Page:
Higher Ed Learning Curve, Especially Shared Governance, is Steep for Politicians
Non-traditional candidates can provide a solution for an institution in which presidents have presided but not led. They have insight and are usually change agents that can make their candidacy attractive at colleges and universities where aspirations still matter. It only works when these institutions know what they want. And most importantly, the Board must be prepared to stand with the president, keeping their noses in and their hands outside of the tent.
At these institutions, a politician-turned-president may be an attractive solution, especially if the politician has shown creativity and ingenuity in the way that they govern. Choosing a narrow ideologue almost never works, especially among faculty and students who value academic freedom.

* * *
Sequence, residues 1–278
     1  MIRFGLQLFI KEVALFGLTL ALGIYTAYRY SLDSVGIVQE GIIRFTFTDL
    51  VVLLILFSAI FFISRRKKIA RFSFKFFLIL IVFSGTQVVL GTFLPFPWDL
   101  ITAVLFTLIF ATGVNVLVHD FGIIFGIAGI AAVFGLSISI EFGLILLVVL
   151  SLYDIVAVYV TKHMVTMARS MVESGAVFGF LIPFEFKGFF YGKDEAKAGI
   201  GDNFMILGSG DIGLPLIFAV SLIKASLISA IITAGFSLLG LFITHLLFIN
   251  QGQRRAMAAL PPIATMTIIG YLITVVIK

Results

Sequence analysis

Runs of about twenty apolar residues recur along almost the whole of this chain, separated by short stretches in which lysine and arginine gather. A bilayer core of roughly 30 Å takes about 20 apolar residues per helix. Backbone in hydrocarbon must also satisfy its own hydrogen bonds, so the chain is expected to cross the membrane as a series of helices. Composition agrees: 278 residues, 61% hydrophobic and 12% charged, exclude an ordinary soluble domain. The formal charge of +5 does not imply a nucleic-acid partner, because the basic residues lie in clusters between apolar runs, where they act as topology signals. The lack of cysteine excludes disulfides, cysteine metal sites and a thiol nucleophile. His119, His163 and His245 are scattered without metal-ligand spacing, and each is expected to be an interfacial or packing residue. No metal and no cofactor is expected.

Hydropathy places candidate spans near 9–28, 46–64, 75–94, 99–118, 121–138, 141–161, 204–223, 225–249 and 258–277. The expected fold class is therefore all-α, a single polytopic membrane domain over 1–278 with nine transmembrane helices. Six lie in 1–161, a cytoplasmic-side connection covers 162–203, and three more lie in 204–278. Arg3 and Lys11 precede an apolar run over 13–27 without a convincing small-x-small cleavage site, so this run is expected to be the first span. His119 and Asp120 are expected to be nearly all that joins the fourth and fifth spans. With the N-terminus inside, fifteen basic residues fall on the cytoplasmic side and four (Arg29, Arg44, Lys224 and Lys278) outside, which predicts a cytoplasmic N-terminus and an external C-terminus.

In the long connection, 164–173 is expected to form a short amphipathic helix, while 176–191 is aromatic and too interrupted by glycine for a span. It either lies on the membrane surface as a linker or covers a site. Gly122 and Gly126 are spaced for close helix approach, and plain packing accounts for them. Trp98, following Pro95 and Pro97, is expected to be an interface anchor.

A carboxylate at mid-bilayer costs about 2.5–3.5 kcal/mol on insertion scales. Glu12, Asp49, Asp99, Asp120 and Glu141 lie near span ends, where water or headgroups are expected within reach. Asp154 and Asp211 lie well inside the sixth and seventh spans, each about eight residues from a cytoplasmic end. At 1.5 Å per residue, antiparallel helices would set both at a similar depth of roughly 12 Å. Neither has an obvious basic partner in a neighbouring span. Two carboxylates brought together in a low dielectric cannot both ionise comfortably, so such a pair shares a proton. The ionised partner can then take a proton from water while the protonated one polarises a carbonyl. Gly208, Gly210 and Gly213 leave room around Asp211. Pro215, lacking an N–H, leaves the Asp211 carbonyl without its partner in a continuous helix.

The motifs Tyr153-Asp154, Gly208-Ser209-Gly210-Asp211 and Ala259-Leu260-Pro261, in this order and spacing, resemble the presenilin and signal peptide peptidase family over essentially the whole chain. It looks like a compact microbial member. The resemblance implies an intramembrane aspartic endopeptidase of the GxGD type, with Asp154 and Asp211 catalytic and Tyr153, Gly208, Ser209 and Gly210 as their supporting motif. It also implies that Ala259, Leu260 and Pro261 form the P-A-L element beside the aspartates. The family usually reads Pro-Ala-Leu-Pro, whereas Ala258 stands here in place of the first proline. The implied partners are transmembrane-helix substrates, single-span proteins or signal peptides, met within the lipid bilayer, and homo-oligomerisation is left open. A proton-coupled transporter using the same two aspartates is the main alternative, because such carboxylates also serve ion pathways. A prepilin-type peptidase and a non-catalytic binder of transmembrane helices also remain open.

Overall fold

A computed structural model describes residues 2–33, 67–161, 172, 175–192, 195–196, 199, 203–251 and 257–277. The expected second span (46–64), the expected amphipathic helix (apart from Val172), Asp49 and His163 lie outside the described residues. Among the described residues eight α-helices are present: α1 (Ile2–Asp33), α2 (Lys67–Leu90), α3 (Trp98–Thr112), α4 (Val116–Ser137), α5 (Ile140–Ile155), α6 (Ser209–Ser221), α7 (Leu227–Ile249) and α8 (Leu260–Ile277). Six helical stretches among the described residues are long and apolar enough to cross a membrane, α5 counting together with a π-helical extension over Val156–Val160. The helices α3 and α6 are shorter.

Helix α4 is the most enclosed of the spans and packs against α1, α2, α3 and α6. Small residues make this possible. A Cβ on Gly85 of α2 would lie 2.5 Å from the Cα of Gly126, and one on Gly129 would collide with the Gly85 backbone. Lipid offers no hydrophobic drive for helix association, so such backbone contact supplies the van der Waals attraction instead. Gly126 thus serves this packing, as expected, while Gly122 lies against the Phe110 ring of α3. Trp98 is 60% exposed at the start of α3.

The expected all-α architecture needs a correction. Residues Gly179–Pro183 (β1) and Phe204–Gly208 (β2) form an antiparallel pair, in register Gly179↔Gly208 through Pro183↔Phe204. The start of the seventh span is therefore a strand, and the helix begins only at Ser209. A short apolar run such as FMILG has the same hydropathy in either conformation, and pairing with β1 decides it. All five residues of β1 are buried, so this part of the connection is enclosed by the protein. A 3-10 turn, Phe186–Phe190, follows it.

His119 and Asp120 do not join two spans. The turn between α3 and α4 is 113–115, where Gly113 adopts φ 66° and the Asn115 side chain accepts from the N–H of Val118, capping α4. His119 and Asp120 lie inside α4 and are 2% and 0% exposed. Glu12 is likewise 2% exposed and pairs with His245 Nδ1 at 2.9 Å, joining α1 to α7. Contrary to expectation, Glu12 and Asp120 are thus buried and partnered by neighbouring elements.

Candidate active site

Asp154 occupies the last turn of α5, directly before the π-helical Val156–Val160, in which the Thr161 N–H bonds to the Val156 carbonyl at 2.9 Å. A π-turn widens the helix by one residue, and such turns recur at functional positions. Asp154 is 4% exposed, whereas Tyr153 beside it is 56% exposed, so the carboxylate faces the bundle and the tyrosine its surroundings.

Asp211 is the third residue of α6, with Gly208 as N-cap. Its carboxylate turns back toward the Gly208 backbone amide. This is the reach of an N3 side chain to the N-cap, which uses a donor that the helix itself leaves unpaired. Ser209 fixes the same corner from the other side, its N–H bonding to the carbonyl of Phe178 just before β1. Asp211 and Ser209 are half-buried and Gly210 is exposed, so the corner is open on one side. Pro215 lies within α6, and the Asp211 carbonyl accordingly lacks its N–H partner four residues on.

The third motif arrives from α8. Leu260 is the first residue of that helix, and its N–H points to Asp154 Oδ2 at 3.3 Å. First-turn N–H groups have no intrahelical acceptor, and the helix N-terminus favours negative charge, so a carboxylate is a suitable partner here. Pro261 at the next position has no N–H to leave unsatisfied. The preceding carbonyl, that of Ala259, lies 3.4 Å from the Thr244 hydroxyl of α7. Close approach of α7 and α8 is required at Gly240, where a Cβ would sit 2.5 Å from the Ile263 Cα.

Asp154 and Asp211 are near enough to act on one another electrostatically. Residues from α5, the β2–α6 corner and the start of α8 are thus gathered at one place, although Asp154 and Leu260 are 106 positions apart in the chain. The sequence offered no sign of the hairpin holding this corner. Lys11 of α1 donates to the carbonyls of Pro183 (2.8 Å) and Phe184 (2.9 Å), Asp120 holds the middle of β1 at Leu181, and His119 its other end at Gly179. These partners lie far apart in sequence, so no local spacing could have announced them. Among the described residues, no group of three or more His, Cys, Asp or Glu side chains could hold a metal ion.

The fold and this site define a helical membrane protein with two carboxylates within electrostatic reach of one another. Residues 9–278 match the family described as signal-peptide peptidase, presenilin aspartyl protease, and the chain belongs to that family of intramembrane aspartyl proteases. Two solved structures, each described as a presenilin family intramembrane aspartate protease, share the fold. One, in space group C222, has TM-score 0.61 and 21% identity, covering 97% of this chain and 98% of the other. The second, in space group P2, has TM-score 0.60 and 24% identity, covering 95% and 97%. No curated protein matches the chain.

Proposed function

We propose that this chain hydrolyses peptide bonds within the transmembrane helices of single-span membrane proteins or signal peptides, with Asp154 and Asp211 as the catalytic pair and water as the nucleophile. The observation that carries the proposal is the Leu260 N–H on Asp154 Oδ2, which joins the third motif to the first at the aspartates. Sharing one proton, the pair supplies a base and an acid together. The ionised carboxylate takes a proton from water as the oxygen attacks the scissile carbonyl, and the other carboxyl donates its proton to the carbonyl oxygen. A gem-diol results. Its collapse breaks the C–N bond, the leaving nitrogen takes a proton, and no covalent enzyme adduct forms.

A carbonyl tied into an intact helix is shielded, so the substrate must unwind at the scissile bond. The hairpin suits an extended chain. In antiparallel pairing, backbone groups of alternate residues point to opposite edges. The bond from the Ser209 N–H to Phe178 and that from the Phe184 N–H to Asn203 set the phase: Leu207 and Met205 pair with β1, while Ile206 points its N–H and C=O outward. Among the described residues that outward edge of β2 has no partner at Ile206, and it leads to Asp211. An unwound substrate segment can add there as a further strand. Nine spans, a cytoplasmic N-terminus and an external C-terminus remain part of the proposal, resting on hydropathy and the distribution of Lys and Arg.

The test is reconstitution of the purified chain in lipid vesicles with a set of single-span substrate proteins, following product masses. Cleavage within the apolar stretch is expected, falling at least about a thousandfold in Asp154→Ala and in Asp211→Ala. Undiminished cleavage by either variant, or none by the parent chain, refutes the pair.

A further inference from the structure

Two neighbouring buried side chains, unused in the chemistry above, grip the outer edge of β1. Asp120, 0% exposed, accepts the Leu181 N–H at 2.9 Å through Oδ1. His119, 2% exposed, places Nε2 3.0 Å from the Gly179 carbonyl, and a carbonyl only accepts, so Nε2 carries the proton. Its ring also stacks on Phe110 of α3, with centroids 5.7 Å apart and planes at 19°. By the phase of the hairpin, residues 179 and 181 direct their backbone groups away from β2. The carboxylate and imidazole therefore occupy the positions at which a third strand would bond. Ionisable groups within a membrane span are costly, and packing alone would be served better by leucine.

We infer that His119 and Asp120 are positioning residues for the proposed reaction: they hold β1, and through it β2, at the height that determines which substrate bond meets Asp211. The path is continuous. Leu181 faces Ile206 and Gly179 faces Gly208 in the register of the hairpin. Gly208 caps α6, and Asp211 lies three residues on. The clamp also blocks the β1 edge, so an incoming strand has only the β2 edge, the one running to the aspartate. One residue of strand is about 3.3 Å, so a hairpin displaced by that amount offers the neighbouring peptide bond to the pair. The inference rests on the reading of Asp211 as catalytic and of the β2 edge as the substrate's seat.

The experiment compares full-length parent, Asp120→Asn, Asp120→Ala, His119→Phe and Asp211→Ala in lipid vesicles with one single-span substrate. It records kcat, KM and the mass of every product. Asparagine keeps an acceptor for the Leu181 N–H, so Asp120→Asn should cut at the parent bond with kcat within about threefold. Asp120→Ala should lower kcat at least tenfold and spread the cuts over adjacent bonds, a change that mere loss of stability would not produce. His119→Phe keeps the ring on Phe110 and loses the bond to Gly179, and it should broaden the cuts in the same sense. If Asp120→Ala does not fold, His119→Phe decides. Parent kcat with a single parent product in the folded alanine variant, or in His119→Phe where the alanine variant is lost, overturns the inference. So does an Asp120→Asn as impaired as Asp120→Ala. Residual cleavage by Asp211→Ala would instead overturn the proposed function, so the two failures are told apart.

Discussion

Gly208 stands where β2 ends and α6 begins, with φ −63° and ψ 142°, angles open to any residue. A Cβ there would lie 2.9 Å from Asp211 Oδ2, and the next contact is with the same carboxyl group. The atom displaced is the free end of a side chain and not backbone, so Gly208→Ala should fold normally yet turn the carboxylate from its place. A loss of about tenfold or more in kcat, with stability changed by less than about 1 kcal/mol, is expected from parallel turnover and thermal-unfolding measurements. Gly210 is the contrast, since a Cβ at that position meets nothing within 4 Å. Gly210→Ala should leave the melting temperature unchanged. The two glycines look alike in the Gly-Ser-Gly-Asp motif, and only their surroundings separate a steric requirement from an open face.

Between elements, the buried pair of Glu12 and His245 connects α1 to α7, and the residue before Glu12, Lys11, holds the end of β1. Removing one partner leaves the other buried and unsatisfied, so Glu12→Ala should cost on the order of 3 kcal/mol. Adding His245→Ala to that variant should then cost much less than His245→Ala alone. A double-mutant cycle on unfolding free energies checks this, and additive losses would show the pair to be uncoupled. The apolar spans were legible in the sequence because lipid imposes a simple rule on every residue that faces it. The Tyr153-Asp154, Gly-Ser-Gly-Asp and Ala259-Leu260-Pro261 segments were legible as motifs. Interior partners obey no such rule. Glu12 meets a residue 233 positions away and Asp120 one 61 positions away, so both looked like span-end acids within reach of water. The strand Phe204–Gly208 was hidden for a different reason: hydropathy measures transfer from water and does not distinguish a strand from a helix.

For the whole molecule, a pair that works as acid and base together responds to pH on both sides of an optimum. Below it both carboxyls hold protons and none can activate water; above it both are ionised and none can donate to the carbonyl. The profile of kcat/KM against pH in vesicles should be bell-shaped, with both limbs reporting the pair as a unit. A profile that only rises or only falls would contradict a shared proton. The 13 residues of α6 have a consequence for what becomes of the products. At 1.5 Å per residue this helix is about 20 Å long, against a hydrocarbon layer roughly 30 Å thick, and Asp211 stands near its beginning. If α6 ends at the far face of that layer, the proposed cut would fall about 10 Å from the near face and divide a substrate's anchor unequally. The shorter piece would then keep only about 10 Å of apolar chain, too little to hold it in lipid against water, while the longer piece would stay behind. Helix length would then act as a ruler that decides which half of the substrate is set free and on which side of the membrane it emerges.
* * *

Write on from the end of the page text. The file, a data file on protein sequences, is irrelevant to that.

Politicians must be willing to learn the job - especially their role in shared governance for which they will have no direct experience but considerable unofficial training - if they are to be successful.
But politicians can be a good choice. Their addition to a deep pool of presidential candidates can add tremendous value. And a number of them matched to the right circumstances will make fine presidents.